Passed the worst of it. Money came into my Paypal. Then my late paycheck arrived. I put in a full day at work. And I mailed off the latest set of M40 grenades. I even got a little fiddle practice in.
One of the reasons I've been behind on the fiddle practice is I've been using my breaks to tinker with an acoustic experiment. I bet I could get it declared a "20 percenter." Considering we do, well, acoustic design at work. Or rather, the company does. I reload coffee machines.
So what I built was an experimental Cajon. These are drums made in the form of (and historically, from) wooden boxes. Because of the nature of the sounding surface (or tapa), there are a variety of different sounds that one can get from one, including a reasonable approximation of the basic kick-tom-snare setup.
I was cutting from scrap wood, so I used slightly smaller and non-standard dimensions. But what I really wanted to explore was the idea of porting.
See, the box itself functions as a Helmholz Resonator. Not the perfect spherical one, however. Like a guitar body, the acoustics are a complex blend of the air mass inside the volume of the cavity communicating with the outside through the tone hole and modified by the flexible materials making up the body itself. This is even more complex in a cajon as one side of the box is the drum head itself -- which has specific resonance modes itself (multiple modes, in fact, with different combinations of strength of the various nodes excited depending on where the surface is struck).
According to a university acoustics lab experiment I read, even though the 0,0 node of the tapa is around 110 Hz, there exists a second peak of acoustic energy of the cavity. They were studying how this is modified by changing the diameter of the tone hole.
Well, I thought I'd see if I could emphasize low frequencies by using a cabinet design trick; by porting the hole. Adding a tube extension essentially lowers the emphasized frequency. This, at least, can be readily calculated. I didn't bother, as I was making this from available scrap. Instead I simply experimented.
Adding the port instantly cut much of the supporting resonance in the 200-400 hz range. Which is where the strongest most characteristic strike tone had been. It brought in a new peak of strongly boosted frequencies centered at about 50 Hz for the tube length shown above. The wadding (which I added to before closing the box) was designed and effectively did muffle most of the original "box" tone, leaving almost nothing but the "slap" of hand on wood and a deep powerful thump much like that you'd get from a good kick drum.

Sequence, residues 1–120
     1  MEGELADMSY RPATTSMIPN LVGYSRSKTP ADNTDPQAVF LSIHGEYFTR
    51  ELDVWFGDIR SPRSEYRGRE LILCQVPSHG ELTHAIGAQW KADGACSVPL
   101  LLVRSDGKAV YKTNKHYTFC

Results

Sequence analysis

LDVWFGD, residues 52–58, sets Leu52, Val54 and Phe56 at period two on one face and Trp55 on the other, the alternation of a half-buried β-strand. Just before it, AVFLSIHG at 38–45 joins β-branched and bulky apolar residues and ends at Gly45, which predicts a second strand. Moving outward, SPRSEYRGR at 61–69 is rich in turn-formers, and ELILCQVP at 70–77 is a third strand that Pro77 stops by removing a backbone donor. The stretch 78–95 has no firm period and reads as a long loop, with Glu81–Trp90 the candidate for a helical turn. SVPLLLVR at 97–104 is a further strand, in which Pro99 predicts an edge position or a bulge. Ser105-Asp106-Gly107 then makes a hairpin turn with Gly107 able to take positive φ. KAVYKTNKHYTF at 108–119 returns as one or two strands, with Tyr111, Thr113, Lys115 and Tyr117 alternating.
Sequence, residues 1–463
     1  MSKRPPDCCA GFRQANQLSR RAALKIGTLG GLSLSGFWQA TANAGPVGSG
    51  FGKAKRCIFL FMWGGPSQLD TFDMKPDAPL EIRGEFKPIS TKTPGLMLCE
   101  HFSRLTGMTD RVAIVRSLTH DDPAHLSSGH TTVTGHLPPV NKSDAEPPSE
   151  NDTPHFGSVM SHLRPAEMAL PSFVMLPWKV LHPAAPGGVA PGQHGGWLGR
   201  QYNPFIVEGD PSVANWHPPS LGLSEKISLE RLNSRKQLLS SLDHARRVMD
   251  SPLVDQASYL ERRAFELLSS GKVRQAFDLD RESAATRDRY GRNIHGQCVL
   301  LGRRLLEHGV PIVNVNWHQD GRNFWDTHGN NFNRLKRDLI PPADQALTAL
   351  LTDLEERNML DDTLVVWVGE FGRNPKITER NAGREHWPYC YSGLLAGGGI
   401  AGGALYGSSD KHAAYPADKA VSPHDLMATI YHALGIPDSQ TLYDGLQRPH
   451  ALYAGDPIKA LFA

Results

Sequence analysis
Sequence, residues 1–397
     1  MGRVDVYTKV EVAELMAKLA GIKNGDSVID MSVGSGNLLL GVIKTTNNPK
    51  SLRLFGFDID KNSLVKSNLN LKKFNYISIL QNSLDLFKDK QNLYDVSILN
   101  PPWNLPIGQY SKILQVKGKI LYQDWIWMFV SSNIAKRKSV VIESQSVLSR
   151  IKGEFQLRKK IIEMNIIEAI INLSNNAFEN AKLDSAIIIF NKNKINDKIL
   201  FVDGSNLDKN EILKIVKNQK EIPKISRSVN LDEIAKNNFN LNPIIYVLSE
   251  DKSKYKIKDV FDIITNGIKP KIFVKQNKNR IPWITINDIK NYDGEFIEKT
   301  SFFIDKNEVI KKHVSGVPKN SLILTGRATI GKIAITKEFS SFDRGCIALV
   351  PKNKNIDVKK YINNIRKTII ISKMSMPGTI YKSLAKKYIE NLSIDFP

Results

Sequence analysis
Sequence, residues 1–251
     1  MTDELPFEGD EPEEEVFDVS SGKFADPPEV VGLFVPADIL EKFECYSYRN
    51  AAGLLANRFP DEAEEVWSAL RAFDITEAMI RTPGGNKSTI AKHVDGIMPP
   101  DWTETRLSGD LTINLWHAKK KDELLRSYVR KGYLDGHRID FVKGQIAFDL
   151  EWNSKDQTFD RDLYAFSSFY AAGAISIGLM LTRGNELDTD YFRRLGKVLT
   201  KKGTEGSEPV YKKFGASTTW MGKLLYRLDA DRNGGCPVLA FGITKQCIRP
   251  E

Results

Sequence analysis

Unfortunately another part of the experiment was not as successful. It did not seem possible to selectively reduce the damping (and the effect of the porting) to allow richer, more tom-like tones in other strike zones. Nor was I entirely happy with the "slap" of the loose edge I designed for a snare-like effect (too woody, although it did have a good slap. I can put more sizzle in by adding guitar string under it, but I'm afraid this might be audible in the "kick" as well).
If and when I get back to this (I saved a few other pieces of scrap wood) the next experiment is going to be making a bongo-cajon but using partial baffles instead of airtight partitioning. I'll see how the two air volumes communicate and interact.
A little more on-line research and I found some good technical discussion at a Cajon builder's forum. And, yes, the porting trick is well known -- there's a pair intersection between Cajon builders and speaker builders. There's also a style of Cajon playing (and building) that aims for a close approximation of kick-and-snare (and, somehow, hat).
But I find I side with the larger community in that I miss the "wooden" tone of the classical Cajon. That is, the 200-400 Hz range which my ported and damped experiment specifically reduced. However, based on a slightly better understanding of the underlying math (one day I'll get around to reading the rest of that book I have on musical acoustics) I've decided to pre-calculate the dimensions (particularly the critical sound hole dimension) of the planned Bongo Cajon.